Image: Facebook/Toronto Blue Jays

Veteran Blue Jays broadcaster Jerry Howarth to retire

Howard announced his retirement after 36 years of calling Blue Jays games

Longtime Toronto Blue Jays radio broadcaster Jerry Howarth will not return to the booth in 2018.

Howard announced his retirement Tuesday after 36 years of calling Blue Jays games. The 71-year-old said he made the decision due to health issues that have affected his voice in recent years.

“I had every intention of continuing my career into the 2018 season but my health and stamina and continuing voice issues dictated otherwise,” said Howarth. “Who knew that I would spend more than half my life in Toronto with my wife, Mary, and our two sons, Ben and Joe, doing what I love to do most, reaching out to friends and fans alike across our great country to talk baseball?

“I am blessed and I am grateful. I thank everyone who has made this journey of mine so rewarding in every way.”

There was no immediate word on who Howarth’s successor would be.

Howarth, a native of York, Pa., who was raised in San Francisco, began his broadcast career in 1974 with the Tacoma Twins of the Pacific Coast League. He joined the Blue Jays in 1981 and has called Toronto home ever since, eventually becoming a Canadian citizen.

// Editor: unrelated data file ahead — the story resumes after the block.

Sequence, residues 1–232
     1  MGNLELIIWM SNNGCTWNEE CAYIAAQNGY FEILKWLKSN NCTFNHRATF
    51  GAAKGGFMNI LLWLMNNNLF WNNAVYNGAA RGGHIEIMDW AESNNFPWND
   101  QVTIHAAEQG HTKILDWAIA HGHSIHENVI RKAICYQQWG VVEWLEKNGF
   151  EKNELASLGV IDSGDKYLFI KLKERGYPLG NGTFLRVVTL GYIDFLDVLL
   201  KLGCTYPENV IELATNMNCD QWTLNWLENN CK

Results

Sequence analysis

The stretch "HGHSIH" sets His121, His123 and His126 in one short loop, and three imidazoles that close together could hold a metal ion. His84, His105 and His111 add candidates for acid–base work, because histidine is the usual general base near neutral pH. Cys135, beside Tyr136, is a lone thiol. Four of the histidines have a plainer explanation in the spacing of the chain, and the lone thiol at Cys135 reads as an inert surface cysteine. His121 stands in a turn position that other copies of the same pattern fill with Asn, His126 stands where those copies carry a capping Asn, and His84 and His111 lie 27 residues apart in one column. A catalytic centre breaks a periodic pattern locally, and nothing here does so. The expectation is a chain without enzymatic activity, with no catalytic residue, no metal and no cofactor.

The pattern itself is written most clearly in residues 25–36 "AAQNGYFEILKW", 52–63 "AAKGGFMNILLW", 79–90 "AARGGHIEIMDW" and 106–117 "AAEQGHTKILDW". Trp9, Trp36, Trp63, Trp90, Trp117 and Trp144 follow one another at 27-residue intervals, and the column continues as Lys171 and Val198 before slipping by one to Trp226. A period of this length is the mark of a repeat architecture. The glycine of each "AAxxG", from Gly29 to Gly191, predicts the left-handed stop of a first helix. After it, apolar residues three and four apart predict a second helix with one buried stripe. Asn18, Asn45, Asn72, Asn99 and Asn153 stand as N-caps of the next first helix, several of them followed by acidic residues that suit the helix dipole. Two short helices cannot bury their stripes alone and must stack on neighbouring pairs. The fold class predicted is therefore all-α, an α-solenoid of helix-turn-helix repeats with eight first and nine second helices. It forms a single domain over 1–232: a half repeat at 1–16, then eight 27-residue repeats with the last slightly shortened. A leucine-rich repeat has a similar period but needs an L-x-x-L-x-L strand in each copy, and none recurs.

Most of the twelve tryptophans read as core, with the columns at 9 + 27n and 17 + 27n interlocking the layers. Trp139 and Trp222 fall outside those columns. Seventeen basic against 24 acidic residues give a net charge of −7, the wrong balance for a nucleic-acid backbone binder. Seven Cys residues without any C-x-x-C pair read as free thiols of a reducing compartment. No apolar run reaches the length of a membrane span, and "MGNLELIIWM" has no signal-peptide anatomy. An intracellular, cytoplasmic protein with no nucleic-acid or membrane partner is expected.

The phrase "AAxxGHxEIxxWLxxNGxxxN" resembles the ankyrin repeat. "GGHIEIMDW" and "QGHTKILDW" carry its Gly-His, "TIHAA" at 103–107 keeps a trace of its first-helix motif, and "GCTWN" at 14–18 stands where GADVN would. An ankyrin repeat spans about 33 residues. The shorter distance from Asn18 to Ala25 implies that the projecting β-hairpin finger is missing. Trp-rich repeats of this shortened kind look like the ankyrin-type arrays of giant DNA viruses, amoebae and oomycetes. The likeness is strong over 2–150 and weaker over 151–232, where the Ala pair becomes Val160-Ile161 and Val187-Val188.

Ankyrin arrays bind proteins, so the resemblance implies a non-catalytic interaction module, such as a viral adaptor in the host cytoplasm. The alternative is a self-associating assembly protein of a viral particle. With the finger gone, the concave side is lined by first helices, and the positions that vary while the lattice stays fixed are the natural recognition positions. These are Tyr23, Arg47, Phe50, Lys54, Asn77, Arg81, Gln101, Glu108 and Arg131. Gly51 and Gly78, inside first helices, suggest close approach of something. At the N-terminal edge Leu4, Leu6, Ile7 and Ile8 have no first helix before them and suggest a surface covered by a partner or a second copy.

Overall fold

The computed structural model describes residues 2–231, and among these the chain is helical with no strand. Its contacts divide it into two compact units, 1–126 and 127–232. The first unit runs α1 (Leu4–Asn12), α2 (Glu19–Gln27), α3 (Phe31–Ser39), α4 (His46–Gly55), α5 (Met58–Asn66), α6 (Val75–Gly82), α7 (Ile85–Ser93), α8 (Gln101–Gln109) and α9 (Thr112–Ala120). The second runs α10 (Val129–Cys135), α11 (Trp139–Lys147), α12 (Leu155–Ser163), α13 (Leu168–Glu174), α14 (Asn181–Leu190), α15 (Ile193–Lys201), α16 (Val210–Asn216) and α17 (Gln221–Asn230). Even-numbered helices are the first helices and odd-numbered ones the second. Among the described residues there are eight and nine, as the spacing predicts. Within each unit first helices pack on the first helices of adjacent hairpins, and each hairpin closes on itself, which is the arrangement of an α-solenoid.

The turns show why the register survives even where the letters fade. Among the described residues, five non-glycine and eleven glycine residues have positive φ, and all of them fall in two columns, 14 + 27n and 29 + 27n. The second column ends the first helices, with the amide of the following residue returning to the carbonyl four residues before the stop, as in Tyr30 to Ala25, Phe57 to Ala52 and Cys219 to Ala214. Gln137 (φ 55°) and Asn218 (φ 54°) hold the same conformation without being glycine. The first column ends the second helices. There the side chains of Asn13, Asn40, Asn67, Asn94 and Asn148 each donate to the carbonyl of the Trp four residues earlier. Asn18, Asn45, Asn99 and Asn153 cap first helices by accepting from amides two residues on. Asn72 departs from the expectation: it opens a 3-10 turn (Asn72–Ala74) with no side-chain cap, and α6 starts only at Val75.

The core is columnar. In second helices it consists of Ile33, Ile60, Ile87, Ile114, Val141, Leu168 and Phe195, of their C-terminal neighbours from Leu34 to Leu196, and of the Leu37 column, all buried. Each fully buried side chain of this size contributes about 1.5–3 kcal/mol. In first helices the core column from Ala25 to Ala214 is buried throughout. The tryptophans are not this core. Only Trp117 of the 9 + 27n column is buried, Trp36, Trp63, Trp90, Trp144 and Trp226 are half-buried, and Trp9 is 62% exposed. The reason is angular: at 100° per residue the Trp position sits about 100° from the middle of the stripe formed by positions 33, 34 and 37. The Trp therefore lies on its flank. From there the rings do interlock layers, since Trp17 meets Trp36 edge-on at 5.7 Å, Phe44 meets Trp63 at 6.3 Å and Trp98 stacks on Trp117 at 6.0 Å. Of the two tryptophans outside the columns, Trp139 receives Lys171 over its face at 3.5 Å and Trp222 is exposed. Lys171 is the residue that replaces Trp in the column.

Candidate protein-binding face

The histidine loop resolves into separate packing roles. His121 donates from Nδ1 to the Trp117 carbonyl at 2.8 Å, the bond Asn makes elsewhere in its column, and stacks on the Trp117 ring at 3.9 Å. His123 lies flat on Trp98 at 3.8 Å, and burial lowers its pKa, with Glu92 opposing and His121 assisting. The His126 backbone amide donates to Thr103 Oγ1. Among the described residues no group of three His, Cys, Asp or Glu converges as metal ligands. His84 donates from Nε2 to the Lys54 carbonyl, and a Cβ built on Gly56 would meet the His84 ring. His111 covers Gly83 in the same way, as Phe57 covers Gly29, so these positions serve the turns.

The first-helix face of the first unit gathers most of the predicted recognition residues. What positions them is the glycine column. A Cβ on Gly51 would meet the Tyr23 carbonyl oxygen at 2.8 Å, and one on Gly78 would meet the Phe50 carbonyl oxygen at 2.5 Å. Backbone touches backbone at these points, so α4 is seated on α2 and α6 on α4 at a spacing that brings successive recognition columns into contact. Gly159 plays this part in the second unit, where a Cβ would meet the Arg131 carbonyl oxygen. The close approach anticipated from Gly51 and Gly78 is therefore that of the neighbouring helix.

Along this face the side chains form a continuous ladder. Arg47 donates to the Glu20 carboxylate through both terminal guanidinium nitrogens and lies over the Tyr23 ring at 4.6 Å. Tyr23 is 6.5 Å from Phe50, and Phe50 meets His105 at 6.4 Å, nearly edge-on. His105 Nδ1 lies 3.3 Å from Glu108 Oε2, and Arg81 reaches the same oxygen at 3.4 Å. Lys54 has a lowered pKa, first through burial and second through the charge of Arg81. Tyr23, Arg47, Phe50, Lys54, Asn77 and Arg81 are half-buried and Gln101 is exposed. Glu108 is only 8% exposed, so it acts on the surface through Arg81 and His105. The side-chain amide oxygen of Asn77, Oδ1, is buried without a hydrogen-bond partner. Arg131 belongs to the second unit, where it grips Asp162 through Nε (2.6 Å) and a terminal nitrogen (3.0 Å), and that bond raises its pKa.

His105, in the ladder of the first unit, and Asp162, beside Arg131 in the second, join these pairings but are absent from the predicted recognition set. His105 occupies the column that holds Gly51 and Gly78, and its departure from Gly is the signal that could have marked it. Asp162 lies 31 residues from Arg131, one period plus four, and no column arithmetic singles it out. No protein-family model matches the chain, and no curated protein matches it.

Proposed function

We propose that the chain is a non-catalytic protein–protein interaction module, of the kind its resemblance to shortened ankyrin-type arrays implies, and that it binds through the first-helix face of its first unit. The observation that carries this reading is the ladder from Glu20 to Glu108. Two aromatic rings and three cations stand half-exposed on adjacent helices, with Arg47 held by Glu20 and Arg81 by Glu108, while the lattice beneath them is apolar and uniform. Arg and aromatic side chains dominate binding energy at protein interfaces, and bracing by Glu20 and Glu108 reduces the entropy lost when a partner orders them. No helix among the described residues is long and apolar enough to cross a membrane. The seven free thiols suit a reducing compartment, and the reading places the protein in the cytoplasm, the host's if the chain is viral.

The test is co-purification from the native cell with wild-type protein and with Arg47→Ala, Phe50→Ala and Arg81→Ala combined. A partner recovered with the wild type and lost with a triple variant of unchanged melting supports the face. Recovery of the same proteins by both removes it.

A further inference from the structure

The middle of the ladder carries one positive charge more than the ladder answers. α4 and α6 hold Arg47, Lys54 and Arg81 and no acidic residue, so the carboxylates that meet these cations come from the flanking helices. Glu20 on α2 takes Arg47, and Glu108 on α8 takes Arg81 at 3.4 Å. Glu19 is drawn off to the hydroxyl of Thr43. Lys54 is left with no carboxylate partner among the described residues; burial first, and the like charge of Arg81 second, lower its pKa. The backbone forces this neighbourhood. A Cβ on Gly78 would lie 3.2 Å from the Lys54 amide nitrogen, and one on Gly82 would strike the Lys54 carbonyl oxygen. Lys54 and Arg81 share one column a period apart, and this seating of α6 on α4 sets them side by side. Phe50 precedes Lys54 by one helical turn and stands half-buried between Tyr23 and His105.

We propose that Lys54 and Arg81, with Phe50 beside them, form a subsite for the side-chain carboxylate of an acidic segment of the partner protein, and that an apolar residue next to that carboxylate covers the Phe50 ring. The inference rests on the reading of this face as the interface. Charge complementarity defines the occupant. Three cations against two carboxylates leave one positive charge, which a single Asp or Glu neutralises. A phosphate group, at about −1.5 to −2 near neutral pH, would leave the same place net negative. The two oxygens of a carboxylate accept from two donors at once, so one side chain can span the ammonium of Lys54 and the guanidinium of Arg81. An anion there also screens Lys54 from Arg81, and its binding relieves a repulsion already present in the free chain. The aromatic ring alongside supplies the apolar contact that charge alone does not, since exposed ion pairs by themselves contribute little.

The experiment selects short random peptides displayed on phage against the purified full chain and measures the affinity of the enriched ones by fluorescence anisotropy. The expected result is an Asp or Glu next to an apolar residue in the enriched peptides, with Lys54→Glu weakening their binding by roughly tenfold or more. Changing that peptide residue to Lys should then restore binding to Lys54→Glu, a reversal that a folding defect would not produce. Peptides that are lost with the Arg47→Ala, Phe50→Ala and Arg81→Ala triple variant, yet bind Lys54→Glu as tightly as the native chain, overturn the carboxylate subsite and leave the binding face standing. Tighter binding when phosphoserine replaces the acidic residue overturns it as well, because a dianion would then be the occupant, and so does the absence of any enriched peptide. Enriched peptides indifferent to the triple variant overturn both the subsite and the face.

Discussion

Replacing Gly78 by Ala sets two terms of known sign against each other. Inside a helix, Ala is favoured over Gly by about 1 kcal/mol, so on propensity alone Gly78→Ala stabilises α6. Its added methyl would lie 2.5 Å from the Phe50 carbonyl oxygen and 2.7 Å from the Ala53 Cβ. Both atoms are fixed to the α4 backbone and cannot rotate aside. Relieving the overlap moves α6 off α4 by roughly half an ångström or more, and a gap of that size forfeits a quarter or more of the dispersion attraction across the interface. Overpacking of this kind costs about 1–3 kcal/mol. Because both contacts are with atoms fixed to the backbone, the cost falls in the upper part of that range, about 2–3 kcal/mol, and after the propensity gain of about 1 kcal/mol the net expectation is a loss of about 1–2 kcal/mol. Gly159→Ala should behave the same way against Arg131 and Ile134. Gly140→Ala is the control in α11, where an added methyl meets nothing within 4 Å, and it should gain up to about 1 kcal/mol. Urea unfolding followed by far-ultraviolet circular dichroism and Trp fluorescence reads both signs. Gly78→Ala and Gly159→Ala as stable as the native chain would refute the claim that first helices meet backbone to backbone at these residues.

“Jerry is an absolute legend in this industry,” said Scott Moore, president of Sportsnet and NHL Properties. “He’s been a dedicated and consummate professional covering the Blue Jays for more than three decades.

“His longevity is exceptional and it speaks to, not only his talent as a broadcaster, but also his incredible passion for baseball. He is beloved by Blue Jays fans across the country and has left an indelible impression on us all.”

In 2012, Howarth was honoured by the Canadian Baseball Hall of Fame with the Jack Graney Award for lifetime contributions to baseball in Canada. He was also awarded the Sports Media Canada award for Achievement in Broadcasting both in 2003, with then broadcast partner Tom Cheek, and again individually in 2016.

“He’s been there for every home run, strike out, and flip of the bat that has mattered most to Blue Jays fans,” said Dave Cadeau national format director for sports at Rogers Radio. “He’s as knowledgeable a baseball mind as you can find, and an even better storyteller.

“It’s been a privilege to work with Jerry over the years.”

Howarth called Toronto’s back-to-back World Series victories in 1992 and 1993 with Tom Cheek, who died in 2005 from brain cancer. Howarth worked the Sportsnet 590 The Fan booth last season with Joe Siddall and Mike Wilner.

Perhaps best known for his ‘There She Goes!’ home run call, Howarth has used a steady, warm, conversational style throughout his long career.

Starting at spring training each year, Howarth would keep notes in a thick spiral notebook that would be kept close at hand throughout the season. His preparation was meticulous and he would score each game using a shorthand all his own.

A man of routine, he would provide consistent refrains while on the air.